Overdue book returned 51 years late to Falkirk Library
A seemingly long-lost book has been returned more than 51 years late to Falkirk Library.
The Handbook of Games for Parties by Joseph Edmundson was due to be handed back on November 14, 1970.
Staff at the Hope Street facility could scarcely believe it when the book was brought back on Tuesday – coinciding with the beginning of Book Week Scotland.
Falkirk Libraries took to Facebook to share news of the bizarre return, writing: “A customer returned an overdue book to Falkirk Library yesterday (Tuesday).
“It was due back on November 14, 1970, better late than never.”
The post was followed by quizzical and laughing emojis.
The current fine for overdue books in the Falkirk area is 10p a day, meaning the reader was theoretically due almost £1600.
However, the region’s libraries cap financial penalties for late returns at £5 per item on adult texts.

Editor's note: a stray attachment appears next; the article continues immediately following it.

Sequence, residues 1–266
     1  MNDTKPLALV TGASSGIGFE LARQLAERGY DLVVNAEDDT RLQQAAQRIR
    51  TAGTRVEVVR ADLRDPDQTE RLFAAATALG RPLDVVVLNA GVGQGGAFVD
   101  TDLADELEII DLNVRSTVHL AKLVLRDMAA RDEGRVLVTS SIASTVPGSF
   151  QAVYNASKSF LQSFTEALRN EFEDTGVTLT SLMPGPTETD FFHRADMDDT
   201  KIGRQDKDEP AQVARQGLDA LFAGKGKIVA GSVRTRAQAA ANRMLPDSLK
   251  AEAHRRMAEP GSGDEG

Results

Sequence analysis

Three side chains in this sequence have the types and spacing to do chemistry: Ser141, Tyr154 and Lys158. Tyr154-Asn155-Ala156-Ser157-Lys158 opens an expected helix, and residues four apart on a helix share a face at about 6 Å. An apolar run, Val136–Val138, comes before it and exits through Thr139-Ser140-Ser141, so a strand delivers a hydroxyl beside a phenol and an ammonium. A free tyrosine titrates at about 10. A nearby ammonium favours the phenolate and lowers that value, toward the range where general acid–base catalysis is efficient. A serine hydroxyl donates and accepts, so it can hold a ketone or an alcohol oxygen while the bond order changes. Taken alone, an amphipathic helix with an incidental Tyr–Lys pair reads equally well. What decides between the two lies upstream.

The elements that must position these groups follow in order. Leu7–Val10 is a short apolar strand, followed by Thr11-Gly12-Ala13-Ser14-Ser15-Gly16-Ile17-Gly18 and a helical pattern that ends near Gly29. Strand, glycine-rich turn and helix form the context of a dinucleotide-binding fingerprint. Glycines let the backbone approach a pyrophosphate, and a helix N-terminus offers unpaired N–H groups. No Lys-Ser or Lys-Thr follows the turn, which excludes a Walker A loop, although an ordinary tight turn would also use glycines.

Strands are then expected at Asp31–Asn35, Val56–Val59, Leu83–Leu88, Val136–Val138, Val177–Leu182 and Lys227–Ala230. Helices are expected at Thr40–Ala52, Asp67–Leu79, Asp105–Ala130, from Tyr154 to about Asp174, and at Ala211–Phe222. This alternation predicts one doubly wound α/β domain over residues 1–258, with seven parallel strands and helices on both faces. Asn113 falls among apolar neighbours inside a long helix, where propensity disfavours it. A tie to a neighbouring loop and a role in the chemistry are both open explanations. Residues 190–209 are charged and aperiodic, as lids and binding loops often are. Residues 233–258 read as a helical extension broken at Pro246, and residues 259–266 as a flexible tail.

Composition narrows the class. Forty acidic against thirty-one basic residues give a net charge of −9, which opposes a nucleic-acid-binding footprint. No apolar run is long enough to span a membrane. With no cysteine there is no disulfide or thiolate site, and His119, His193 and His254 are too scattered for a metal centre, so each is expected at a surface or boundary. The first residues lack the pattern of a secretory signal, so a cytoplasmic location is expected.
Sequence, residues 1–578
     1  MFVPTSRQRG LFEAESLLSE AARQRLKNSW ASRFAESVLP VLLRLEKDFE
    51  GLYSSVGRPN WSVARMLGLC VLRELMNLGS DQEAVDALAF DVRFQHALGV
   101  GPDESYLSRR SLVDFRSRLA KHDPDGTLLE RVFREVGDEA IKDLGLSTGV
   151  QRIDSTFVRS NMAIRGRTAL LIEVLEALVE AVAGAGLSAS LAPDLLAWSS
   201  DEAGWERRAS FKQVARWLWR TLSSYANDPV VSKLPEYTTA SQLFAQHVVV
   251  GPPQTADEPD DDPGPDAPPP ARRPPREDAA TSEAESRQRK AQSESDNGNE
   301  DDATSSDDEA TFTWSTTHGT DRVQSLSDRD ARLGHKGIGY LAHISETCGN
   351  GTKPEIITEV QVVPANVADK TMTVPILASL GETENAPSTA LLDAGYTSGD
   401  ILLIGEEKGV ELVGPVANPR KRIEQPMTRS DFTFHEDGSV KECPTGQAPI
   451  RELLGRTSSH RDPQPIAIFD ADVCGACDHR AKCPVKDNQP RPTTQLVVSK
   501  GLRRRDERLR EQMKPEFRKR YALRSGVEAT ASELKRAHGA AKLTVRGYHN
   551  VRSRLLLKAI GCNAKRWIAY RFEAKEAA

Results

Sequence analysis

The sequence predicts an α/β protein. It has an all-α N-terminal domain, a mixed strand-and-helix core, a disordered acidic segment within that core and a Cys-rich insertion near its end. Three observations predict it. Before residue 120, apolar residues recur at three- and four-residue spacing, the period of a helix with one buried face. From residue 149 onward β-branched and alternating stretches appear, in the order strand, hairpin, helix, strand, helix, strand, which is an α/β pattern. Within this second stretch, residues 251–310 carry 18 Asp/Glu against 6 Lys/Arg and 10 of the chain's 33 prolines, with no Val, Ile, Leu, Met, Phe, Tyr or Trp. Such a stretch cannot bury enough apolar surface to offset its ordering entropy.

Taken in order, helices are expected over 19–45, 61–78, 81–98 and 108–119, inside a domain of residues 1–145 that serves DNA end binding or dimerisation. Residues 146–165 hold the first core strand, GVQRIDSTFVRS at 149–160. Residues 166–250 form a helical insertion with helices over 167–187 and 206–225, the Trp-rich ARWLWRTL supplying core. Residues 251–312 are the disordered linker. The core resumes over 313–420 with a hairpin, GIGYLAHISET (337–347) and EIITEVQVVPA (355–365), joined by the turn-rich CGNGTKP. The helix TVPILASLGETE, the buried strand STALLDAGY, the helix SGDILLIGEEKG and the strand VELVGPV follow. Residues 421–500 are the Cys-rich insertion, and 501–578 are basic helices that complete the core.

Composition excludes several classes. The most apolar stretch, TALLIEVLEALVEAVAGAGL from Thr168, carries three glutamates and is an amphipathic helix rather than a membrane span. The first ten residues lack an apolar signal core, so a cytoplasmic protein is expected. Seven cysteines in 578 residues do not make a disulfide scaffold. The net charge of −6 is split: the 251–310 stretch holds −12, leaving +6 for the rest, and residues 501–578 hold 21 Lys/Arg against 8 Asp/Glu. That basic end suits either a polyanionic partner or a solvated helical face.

Allan Wright, Falkirk Library librarian, said: “The book was handed in on Tuesday and when the staff member brought it down, it seemed like too good a story not to put on social media, especially during Book Week Scotland.
“Apparently the gentleman didn’t realise it was so overdue. He was returning some other books from before the first lockdown and just grabbed it along with his returns.
“Obviously, we didn’t charge overdue fines but we’re not quite sure what we’ll do with the book yet as it’s hardly up to date.”
Social media users saw the funny side, as Shetland Library commented: “Must have been some party!”
Kate Southworth joked: “That must have been some fine to pay!”
Elsewhere, a book which was more than 73 years overdue has been posted back to a Fife library.
Stately Timber by Rupert Hughes, an adventure story set in Boston, should have been returned to Dunfermline's Central Library in Abbot Street on November 6, 1948.
However, staff at what is now Dunfermline Carnegie Library and Galleries were stunned when a parcel containing the book arrived at the facility earlier this month.
Found by the borrower’s daughter, the book was discovered on the Black Isle more than seven decades late.
Donna Dewar, of Dunfermline Carnegie Library and Galleries, said: “I burst out laughing when I opened the parcel, I couldn't believe it.”